Readings: Isaiah 63:7-9 Matthew 2:13-23
The sun had barely set on the wondrous story of the birth of Jesus. The magi had headed home after delivering their extravagant gifts, the shepherds were still excited but back tending their sheep, Mary and Joseph had got through the first days of parenthood and were starting to breathe again. Herod was getting suspicious because the magi had not returned but gone home by another way, the little town of Bethlehem was lying still and quiet.
Enter the angel, this time to Joseph, with a sobering message. Get out of there, it is not safe, leave your short time of bliss and go – far away. You need to go to Egypt – don’t know how you will get there but you need to go – now! Herod is after your baby – to kill him. Go, go, go!
Hear the narrative in the thoughts of the holy family, from the king, from a Bethlehem mother, from Isaiah.
First from the family, from Joseph:
Mary, I am sorry to wake you but you need to get up, now! Quickly, wrap the child up warmly, try to keep him quiet if you can, we have to go. I had a dream, an angel of God warning us to flee, as far away as we can – Herod is looking for our son and will not let him live if he finds him.
I know you are recovering, I know this is a precious time of bonding for us all yet we must flee from all we know and love – become refugees, with Egypt our refuge, just like our ancestors. If we go now, maybe Herod will give up when he can’t find us, maybe Bethlehem will be safe from him. Quickly now, quietly, and we pray that the night will give us safe passage.
O, I promised them with sweet assurances.
I spilled soft words upon their ears saying nothing of my private fears.
I said to those magi: you must journey on and greet this newborn king? Then you must journey back again and bring me news, that I may also go and worship him.
I wonder what gave the game away? How did they know?
Did they guess or did they hear something in my voice?
No matter, they did not return. I had no information, nothing to show. And no address. A pity – the damage could have been less. As it was, it was a bit of a massacre.
But I had to cover myself – so the order was to kill all male children up to two years old. Might have been a few girls caught up in that but hey, that’s the harsh fact of kingship.
It’s my duty you see, I can’t let a child grow up to rival me.
And anyway, it’s only little people with little lives, and if any take a moral stand on this, I will tell them I have to think of what is best for the land. And if it means upsetting a few unimportant Hebrew parents, then so be it. What is important is that my position, my place, my power is unassailed – I’ll do whatever it takes.
From Rachel, a mother to Mary:
Your child’s coming was my child’s going, Mary;
Swift appeared the soldier band, children’s blood spilled on the sand, grief and rage convulsed the land.
Mary, was your child born that Rachel should weep forlorn?
Your child’s living was my child’s dying, Mary;
Days hang loose like cloth unshrunk, nights are haunted, in anguish sunk, breasts are pained, the milk not drunk.
Mary, was your child worth mine laid in friendless earth?
Your child’s saving was mine’s destroying, Mary;
Cherished lives are lost forever, cherished hopes have now turned sour, cherished seed will never flower.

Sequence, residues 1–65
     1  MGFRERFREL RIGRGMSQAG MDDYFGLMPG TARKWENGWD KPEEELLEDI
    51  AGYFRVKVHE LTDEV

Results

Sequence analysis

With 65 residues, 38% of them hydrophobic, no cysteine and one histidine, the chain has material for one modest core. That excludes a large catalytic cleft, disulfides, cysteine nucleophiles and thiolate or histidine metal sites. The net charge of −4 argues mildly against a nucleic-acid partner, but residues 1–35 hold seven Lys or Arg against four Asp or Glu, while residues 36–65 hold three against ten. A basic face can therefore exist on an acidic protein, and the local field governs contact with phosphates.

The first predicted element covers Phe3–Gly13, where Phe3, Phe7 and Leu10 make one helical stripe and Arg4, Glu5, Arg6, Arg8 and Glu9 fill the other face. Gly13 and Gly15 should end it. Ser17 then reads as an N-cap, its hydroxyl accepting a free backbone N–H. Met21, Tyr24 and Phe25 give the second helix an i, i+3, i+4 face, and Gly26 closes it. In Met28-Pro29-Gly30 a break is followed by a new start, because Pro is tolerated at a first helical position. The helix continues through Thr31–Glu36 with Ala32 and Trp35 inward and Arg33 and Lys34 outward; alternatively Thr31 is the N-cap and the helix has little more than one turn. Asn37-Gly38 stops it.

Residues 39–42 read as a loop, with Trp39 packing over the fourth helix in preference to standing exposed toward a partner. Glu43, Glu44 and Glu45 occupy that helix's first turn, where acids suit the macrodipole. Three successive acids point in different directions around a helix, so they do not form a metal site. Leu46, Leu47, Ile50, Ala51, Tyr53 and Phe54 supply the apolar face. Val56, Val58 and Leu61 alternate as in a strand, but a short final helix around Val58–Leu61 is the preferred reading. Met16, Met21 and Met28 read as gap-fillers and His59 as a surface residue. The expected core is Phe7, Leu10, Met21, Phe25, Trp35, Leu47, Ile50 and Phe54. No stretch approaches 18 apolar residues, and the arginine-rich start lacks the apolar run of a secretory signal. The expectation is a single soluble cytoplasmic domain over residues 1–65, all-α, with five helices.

Mary, if Jesus saves, what mean to you these graves?
From the refugees again, from Mary:
I remember every day that mad rush from Bethlehem – I know we needed to go, I know God was watching over us, I know that our young lad is precious in God’s sight – but did they have to do all that killing – I feel sick - still, guilty – still, frightened – still. Yet we are to return to Judah – Herod is dead, my Joseph says – but will it be any better? Will we live in fear still? Joseph thinks so – so we are not going back there – it is to be Galilee instead. I was so looking forward to this being over, for a while at least –but it is not to be. There will be no homecoming after all. May God be with us.
I have something to say. Well actually two things. You people of the future know how important context is – well I hope you know that the words you heard today are airlifted out of a psalm of lament – communal lament no less. You need to know that the people were down, right down. They had come back to Jerusalem from Babylon, expecting it to be the same, anticipating former glory. It wasn’t like that. It was ugly. Life is hard and exhausting. The people knew that they had not been faithful, that they had disappointed God, but thought that the coming back meant back to the old way, back to everything being sweet and lovely. It did not. It is not!
Because that is the second thing. Do you remember that in the very worst of times, God does not leave us? If I can recount the times that Jahweh has redeemed us, lifted us up and renewed us in our times of despair, then how much more can you people of the new testament understand that suffering and pain are not excluded from our lives, as you sometimes seem to want to do with the ‘wholesome’ Christmas thing. If you remember all the story, the star and the birth and the flight and the killing of the innocents, if you place the cradle alongside the cross, you will better understand that God is in all that life throws at us. As we go about living in the way of faith and mercy, memory of God’s unconditional love and saving grace, again and again helps carry us through distress and fear. And if you remember it all you will, with me, want to recount the gracious deeds of the Lord, the steadfast love of the Lord, the mercy of the Lord, with loud voices and joy in your hearts. For surely we are all God’s people.
 Herod by Penny Hewlett (adapted) from Hay & Stardust p.184
 Your child’s coming was my child’s going by Ian M. Fraser from Hay & Stardust p.182